Hooks, Benjamin L.
Hooks, Benjamin L.
January 31, 1925
The lawyer, minister, and civic leader Benjamin Lawson Hooks (also known as Benjamin Lawrence Hooks) was born in Memphis, Tennessee, where he attended public schools. Upon graduation from Booker T. Washington High School, Hooks pursued prelaw studies at Howard University, graduating in 1944. In 1948 he earned a juris doctor degree from De Paul University in Chicago and returned to Memphis to practice law, hoping to help end legal segregation.
In 1961 Hooks was appointed assistant public defender of Shelby County, Tennessee. Four years later, he was appointed to fill a vacancy in the Shelby County Criminal Court (a position to which he was subsequently elected on the Republican ticket), becoming the first black criminal court judge in the state. In addition to practicing law, Hooks was active in the civil rights movement in the 1950s and 1960s, serving as one of thirty-three members of the board of directors of the Southern Christian Leadership Conference from its inception in 1957 until 1977. Hooks also cofounded and sat on the board of the Mutual Federal Savings and Loan Association from 1955 to 1969. He was ordained a Baptist minister in 1956 and became pastor of the Middle Baptist Church in Memphis, serving the church in that capacity for 45 years. 1972, President Richard M. Nixon nominated Hooks to the Federal Communications Commission, where became the first African American member and actively sought to improve employment and ownership opportunities of African Americans and worked for more positive depictions of blacks in the electronic media.
Hooks became executive director of the National Association for the Advancement of Colored People (NAACP) in 1977 at a difficult moment in the organization's history. Since the 1960s, militant organizations had begun to eclipse the prominence of the NAACP, which had come under increasing attack for being too conservative. Viewed by its critics as a stodgy bastion of the middle class, the NAACP suffered a decline in membership and financial contributions. When Hooks replaced Roy Wilkins, who had served as executive director for twenty-two years, the organization was $1 million in debt and controlled by a faction-ridden board of directors.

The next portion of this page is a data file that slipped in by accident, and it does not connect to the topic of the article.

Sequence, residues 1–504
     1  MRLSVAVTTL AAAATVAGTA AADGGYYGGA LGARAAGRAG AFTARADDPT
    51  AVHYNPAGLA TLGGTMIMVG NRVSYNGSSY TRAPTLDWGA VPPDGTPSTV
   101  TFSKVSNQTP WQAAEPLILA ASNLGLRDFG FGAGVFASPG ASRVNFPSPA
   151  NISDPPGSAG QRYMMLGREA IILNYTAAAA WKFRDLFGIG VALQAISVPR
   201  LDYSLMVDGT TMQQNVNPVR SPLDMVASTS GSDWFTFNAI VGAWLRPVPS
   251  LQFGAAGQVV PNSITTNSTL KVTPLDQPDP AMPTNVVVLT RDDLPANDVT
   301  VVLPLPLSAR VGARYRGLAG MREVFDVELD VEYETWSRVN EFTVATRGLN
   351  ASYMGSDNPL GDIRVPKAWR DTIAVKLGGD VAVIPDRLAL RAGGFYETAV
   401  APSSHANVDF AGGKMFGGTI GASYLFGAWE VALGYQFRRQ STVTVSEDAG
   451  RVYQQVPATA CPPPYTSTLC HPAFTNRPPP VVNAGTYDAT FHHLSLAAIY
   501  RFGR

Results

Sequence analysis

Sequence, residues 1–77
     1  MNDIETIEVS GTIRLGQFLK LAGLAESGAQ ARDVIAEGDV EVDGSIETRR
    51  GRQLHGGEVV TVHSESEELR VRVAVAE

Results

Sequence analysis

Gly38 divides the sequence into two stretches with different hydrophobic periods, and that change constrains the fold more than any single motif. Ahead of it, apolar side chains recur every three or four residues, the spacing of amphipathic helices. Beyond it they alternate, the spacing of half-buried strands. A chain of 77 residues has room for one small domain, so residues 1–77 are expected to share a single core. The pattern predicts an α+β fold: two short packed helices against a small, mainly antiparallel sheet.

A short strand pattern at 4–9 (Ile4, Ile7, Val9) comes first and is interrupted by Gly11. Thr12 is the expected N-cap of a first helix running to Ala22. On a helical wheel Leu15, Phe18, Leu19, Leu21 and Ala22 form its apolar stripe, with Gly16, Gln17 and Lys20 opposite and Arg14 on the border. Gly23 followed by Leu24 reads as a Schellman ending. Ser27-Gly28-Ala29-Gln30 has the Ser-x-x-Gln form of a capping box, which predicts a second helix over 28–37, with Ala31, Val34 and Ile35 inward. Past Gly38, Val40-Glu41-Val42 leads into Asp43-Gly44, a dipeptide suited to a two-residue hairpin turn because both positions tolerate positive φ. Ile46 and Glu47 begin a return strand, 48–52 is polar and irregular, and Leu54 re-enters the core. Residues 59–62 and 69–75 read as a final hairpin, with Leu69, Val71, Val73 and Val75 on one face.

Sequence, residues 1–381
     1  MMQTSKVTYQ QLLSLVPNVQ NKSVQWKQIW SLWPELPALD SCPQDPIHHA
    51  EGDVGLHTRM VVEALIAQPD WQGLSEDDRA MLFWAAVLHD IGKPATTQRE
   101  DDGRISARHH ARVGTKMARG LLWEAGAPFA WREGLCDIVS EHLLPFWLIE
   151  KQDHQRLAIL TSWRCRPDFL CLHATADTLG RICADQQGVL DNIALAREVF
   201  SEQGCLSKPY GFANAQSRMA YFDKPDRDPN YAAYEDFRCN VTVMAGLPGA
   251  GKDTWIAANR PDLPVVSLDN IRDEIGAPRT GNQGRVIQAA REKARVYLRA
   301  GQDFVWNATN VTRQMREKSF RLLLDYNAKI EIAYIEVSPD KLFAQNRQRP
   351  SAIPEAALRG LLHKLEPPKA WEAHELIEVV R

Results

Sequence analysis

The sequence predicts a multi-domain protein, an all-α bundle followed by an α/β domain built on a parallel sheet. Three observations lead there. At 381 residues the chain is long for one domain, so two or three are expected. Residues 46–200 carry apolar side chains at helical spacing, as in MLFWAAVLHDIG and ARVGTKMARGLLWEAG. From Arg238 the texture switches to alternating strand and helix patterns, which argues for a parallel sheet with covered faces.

As executive director, Hooks sought to revitalize the organization's finances and image, becoming more involved in such national issues as the environment, national health insurance, welfare, urban blight, and the criminal justice system. He announced his intention to forge new alliances with corporations, foundations, and businesses, in addition to strengthening the NAACP's traditional alliances with liberals, the government, and labor groups. Hooks led the fight for home rule in Washington, D.C., and was instrumental in securing the passage of important legislation such as the Humphrey-Hawkins bill of 1978, which mandated a dramatic lowering of the unemployment rate through the use of federal fiscal and monetary policy. Under his direction the NAACP also encouraged the withdrawal of U.S. businesses from South Africa.
In 1980 Hooks became the first African American to address both the Republican and Democratic national conventions. As executive director, Hooks upheld the NAACP's tradition of focusing on political activity, but he also tried to steer the organization toward helping African Americans on an everyday level through programs such as the Urban Assistance Relief Fund, which he founded in the wake of the 1980 Miami riot. In conjunction with his position at the NAACP, Hooks also served as chairman of the Leadership Conference on Civil Rights (LCCR), a coalition of organizations devoted to civil rights issues.